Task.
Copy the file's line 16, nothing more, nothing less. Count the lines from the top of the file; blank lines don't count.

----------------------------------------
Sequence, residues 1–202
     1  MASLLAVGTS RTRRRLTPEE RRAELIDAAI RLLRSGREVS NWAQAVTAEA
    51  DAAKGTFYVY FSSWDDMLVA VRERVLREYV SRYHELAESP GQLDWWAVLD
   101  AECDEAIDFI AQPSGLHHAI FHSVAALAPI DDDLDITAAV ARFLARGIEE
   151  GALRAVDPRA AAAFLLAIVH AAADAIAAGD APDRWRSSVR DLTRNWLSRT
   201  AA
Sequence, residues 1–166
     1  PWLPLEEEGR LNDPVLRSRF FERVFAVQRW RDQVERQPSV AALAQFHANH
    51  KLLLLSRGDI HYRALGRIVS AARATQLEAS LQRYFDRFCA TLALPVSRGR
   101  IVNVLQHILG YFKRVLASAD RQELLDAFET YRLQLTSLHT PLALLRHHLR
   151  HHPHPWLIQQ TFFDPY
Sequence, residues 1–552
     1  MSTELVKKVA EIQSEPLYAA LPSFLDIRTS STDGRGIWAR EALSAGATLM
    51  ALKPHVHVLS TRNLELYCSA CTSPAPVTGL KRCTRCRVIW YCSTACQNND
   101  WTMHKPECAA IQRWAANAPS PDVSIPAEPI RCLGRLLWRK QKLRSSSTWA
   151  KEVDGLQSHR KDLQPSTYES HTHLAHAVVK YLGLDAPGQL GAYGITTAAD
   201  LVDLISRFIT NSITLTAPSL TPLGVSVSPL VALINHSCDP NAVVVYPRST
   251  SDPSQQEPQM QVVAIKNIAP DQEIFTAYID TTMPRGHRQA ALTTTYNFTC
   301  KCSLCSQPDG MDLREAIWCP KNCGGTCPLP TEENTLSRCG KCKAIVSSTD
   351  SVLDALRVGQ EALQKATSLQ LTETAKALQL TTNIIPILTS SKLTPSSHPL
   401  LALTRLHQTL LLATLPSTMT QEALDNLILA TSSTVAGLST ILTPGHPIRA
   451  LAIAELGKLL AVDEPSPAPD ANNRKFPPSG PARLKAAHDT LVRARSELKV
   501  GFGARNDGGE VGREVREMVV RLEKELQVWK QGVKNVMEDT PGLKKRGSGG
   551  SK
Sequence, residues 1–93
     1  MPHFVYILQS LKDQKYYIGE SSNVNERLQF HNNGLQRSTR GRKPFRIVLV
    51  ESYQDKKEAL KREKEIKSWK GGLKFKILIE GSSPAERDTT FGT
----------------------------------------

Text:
   151  KEVDGLQSHR KDLQPSTYES HTHLAHAVVK YLGLDAPGQL GAYGITTAAD